So what was that Screen name again?
AIM = UofSRefDesk
MSN = UofSRefDesk
Yahoo! = UofSRefDesk
Google Talk = UofSRefDesk
I suggest adding us to your buddy list now, that way when you really need us, you won’t have to waste that precious time looking for our screen name again.
Oh, and if you look to your immediate left you’ll see the IM a Librarian “widget.” This little window is a portal right to a University of Scranton Librarian, it acts exactly the same way as an IM window except it lives in your browser. No need to register, just type your text and send. We will respond right inside the same window. This widget IM Window is also available on the Ask-A-Librarian Page.
So, remember no matter which program you use to chat, add us to your buddy list!
Go ahead, just say hello. We won’t mind – we like the attention.
Congratulations to Mike Strong, coach of the University of Scranton’s women’s basketball team, on his 700th win! Coach Strong joined the “700 club” of the NCAA’s winningest coaches this Sunday when the Lady Royals beat Drew, 73-54.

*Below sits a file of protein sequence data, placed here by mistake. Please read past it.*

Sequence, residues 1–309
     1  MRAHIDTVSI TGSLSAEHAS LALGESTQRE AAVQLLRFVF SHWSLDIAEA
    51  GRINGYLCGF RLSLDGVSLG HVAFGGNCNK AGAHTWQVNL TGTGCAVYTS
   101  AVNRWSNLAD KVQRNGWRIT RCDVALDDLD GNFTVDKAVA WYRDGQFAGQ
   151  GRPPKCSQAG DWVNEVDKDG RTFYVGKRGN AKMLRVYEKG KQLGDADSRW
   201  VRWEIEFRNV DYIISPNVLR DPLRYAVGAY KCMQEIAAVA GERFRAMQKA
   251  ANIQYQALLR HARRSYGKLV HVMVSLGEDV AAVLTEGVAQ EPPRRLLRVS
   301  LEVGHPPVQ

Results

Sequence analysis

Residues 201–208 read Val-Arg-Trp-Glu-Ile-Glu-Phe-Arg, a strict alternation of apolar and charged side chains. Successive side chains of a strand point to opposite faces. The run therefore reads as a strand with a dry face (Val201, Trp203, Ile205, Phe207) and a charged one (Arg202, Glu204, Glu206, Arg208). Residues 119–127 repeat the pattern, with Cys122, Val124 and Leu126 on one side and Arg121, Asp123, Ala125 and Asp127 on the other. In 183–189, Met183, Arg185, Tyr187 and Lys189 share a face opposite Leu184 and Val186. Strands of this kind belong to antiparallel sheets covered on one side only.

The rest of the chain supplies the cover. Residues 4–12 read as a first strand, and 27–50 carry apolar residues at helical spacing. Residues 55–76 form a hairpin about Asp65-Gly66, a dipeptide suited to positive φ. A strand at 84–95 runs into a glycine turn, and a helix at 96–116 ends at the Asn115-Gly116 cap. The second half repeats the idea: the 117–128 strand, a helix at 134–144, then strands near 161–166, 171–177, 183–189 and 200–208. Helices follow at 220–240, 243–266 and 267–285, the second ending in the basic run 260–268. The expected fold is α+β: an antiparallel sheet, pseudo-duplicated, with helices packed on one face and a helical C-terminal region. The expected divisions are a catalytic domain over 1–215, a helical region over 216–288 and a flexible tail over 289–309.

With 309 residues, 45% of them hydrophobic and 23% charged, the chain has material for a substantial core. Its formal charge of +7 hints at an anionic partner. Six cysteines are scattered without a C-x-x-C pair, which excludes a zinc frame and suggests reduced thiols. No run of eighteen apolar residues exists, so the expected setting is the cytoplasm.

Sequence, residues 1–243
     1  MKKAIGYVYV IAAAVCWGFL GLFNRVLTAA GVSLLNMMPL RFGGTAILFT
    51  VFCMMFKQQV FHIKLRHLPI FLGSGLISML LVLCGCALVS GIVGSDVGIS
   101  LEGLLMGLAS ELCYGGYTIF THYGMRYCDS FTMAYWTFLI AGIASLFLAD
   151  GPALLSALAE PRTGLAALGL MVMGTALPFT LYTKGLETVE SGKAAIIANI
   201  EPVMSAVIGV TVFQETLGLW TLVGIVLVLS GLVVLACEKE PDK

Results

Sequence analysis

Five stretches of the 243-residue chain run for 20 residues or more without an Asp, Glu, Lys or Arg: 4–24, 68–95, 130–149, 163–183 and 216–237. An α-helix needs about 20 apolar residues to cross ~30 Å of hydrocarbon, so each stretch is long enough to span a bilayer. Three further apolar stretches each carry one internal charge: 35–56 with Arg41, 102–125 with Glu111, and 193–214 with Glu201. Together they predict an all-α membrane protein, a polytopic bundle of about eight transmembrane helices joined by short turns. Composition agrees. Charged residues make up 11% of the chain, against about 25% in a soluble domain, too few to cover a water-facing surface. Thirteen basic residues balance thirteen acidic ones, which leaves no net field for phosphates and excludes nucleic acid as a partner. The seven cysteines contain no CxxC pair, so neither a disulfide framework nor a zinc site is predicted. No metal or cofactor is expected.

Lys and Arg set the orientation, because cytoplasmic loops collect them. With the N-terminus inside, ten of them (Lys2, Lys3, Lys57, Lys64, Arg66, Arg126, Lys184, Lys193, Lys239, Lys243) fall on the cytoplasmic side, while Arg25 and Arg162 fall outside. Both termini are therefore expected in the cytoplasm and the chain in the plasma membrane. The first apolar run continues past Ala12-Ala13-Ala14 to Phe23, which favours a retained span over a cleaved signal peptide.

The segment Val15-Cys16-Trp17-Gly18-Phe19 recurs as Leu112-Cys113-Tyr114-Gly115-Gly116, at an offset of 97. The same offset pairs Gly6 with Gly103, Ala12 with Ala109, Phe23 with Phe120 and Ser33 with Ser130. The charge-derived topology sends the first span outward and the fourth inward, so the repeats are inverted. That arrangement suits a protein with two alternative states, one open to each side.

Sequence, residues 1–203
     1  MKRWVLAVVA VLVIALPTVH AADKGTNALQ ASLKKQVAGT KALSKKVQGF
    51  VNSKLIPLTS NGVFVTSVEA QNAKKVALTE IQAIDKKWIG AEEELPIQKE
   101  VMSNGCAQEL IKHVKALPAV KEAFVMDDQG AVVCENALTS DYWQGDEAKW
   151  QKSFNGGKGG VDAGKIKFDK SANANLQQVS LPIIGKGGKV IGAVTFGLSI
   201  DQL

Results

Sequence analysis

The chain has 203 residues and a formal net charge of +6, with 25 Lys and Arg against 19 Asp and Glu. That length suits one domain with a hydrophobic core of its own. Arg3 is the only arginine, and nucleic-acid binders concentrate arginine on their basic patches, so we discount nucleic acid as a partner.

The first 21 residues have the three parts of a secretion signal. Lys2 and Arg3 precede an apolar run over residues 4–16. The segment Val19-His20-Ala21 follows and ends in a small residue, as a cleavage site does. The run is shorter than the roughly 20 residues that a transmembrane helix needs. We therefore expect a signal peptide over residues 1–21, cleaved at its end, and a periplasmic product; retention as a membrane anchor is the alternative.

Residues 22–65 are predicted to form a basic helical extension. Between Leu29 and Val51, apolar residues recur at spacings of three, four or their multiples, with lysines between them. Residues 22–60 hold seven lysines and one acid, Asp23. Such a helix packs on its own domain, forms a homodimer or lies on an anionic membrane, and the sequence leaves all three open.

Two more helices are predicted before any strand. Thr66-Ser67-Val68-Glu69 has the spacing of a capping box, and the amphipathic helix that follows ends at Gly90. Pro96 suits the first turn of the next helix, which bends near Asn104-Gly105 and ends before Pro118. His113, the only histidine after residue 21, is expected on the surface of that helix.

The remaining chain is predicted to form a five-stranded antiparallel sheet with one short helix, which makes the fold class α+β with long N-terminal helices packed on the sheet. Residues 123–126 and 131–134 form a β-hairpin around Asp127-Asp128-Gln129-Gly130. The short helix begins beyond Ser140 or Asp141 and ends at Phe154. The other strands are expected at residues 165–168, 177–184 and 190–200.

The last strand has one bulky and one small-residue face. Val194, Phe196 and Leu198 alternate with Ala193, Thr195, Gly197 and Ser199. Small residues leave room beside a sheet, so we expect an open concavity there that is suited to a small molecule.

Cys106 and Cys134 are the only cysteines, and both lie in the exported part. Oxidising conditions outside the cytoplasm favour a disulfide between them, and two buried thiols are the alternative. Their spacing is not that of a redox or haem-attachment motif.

The inauguration of President Obama prompted me to do a little research on the customs surrounding this day. So I used a new research tool that can be found on the Library’s A-Z List of Databases. This new tool, called Credo Reference, is a great alternative to using Wikipedia because it allows you to find authoritative answers that it gets from hundreds of reference books in a broad range of subjects.
Here’s a snippet of what I found in the book, Holidays, Festivals, and Celebrations of the World Dictionary:
From 1789 until 1933, the day on which the newly elected president of the United States began his term of office was March 4—now known as Old Inauguration Day. The day was changed to January 20 when the 20th Amendment to the Constitution was passed in 1933. When Inauguration Day falls on a Sunday, the oath of office is administered privately, but the public ceremonies are usually postponed until the following day.